In March, the Argentine Republic’s Senate and Congress passed a law to support entrepreneurial capital, which began as an initiative of the Deputy Secretary for Entrepreneurs, in the Production Ministry, working with the Argentine Association of Entrepreneurs [Asociación de Emprendedores de Argentina (ASEA)].
The law defines entrepreneurship as “any activity, for profit or not, carried out in the Argentine Republic by a newly created legal person, or one that was set up no more than seven (7) years ago”. Its purpose is to encourage people with innovative ideas to set up and develop companies and to sidestep two of the major obstacles facing those who want to begin an enterprise: bureaucratic barriers and lack of financial support.
New company structure and reduction of administrative delays
A new legal figure, Simplified Companies, SAS, in the Spanish acronym [Sociedades por Acciones Simplificadas]) will make it easier to open, promote and expand small companies, which will be able to do the following:
- Set up a Single Tax Code (Clave Única de Identificación Tributaria, CUIT or CDI) in 24 hours
- Open a bank account quickly and easily, by simply presenting the company’s articles of association and proof that it has a CUIT
- Only one partner required
- Minimum equity equivalent to 2 times the minimum living and mobility wage (two basic wages)
- Issue shares with the same rights at different prices
- Use digital signature, accounting books and proxies
Capital investments made by investors in companies in this category can be deducted from the taxable earnings base. This deduction will be equivalent to 75% or 85% (for some under-developed areas and with less access to financing) of the investment made, with a ceiling of 10% of net earnings from that tax year, or the amount proportionate to the months since activities began in that tax year.
These advantages will be applied provided the total investment is kept in the company for at least 2 years, counting from the first tax year in which the investment was made.
National Fund for Entrepreneurial Capital
Under the provisions of this law, a Trust Fund for the Development of Entrepreneurial Capital (FONDCE) will be set up to finance enterprises in conjunction with the private sector. Its advisory board will be made up of representatives from the country’s provinces and key institutions supporting entrepreneurs, and will develop financing programmes for entrepreneurs nationwide, such as the Seed Fund [Fondo Semilla], incubators, accelerators and enterprise capital investment funds, supporting both for-profit entrepreneurs and those whose main aim is a social impact, including cooperatives.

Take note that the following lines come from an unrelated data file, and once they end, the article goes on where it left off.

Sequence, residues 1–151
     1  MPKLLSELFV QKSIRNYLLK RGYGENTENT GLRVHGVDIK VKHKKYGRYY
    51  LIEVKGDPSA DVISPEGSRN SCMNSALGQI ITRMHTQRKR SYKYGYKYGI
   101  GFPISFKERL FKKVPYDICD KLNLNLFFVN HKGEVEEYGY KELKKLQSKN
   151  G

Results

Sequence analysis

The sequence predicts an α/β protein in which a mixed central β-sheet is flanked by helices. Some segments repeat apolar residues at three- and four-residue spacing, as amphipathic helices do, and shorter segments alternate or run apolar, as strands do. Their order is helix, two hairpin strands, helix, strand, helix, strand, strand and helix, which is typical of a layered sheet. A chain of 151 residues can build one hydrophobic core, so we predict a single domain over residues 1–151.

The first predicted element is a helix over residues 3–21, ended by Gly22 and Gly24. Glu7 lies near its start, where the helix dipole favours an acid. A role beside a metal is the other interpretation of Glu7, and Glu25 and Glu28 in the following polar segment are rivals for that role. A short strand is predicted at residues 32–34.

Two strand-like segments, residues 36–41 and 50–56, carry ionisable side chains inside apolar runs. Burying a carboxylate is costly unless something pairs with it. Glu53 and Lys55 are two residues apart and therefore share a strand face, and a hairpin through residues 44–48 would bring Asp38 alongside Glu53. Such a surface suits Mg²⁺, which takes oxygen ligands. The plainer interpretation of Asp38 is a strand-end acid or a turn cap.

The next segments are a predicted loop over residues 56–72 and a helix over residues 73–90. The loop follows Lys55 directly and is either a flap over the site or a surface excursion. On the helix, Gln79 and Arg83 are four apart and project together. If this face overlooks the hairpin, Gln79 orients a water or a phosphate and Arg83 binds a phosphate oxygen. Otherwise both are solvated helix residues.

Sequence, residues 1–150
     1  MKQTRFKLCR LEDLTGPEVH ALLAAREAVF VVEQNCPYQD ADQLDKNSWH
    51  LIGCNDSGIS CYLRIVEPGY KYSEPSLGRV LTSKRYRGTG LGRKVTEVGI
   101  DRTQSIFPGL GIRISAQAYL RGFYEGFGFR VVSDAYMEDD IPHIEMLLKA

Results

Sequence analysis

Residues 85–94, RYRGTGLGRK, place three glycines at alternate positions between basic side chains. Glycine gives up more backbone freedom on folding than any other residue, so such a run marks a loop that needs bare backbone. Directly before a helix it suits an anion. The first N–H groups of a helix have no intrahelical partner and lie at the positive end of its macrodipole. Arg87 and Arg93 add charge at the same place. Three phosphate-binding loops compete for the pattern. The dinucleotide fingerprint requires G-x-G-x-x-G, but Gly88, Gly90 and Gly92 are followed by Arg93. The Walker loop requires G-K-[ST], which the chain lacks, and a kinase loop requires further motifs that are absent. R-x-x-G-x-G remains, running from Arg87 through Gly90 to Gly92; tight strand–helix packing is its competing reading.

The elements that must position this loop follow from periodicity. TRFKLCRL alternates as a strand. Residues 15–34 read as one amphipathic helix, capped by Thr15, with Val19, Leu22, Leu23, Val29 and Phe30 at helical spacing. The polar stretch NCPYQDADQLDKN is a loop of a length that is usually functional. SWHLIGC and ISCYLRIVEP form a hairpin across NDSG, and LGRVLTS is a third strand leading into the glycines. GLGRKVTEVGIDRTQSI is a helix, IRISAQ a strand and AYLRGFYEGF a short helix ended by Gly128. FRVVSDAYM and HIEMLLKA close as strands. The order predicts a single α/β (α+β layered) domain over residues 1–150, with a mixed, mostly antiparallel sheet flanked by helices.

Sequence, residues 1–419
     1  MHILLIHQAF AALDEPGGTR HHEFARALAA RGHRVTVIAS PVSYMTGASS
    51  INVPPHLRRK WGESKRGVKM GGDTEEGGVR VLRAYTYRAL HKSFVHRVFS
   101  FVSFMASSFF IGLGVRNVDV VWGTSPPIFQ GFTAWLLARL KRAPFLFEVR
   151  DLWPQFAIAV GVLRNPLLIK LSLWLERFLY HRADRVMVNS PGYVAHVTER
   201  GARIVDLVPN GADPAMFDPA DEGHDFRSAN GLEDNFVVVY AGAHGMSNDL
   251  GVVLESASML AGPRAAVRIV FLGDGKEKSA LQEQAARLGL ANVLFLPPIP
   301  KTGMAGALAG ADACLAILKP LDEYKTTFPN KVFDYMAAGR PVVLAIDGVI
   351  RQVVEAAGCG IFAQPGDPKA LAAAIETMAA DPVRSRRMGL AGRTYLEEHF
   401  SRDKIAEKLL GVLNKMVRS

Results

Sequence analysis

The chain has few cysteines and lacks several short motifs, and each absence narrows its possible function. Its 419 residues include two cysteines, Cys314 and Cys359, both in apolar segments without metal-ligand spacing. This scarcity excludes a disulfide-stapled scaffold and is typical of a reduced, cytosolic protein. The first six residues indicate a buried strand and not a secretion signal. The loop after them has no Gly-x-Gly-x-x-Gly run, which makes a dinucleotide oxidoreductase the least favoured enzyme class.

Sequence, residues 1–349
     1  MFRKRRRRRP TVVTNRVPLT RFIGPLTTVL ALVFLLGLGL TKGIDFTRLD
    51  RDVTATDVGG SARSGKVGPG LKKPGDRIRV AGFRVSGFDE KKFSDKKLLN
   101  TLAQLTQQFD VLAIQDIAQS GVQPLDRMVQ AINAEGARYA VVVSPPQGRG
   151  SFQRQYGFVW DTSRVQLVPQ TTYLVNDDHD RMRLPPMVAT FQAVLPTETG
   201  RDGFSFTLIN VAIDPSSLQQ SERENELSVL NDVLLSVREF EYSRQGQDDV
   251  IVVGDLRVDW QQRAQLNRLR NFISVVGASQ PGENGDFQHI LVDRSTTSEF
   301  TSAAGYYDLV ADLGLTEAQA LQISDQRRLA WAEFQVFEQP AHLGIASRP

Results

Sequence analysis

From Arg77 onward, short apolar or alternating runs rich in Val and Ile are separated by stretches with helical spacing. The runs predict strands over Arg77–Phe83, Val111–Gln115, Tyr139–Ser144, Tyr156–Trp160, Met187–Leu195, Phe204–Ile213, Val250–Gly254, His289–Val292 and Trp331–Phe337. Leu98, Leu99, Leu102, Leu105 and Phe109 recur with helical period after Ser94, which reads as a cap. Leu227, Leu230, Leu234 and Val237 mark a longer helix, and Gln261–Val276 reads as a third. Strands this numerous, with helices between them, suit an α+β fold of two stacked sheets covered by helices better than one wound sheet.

FONDCE’s equity will be sourced from:
- Resources allocated through the national government’s general budget and other laws
- Revenue from legacies and donations
- Funds provided by national, provincial, international and NGO bodies
- Funds that can be generated or released as a result of applying FONDCE programmes and pursuing its goals
- Unearned income and the gains from these assets
- Funds from IPO placements of negotiable securities issued by the FONDCE on capital markets
- Funds from public and private firms, both Argentinian and foreign, wishing to support the development of the country’s entrepreneurial capital
Crowdfunding platforms have been regulated so that part of a project’s shares can be offered online and publicly, and so that small investors can take part in their initial phases; all this is supervised by the National Securities Commission.
Seed Fund programme
The law provides for zero-interest loans which will empower and finance those entrepreneurs who want to set up a project or take an existing start-up to the next level. The following will be assessed before offering these loans:
- Innovation potential
- How much support a particular province or region is receiving
- Whether the diversity of the Argentine Republic’s productive sectors is being represented
- Job creation
- Value creation
The regulations to the law will be devised by the Ministry for Production, together with teams from the Finance Ministry, the Federal Administration of Public Revenues, the General Justice Inspectorate, the central bank and the National Securities Commission.
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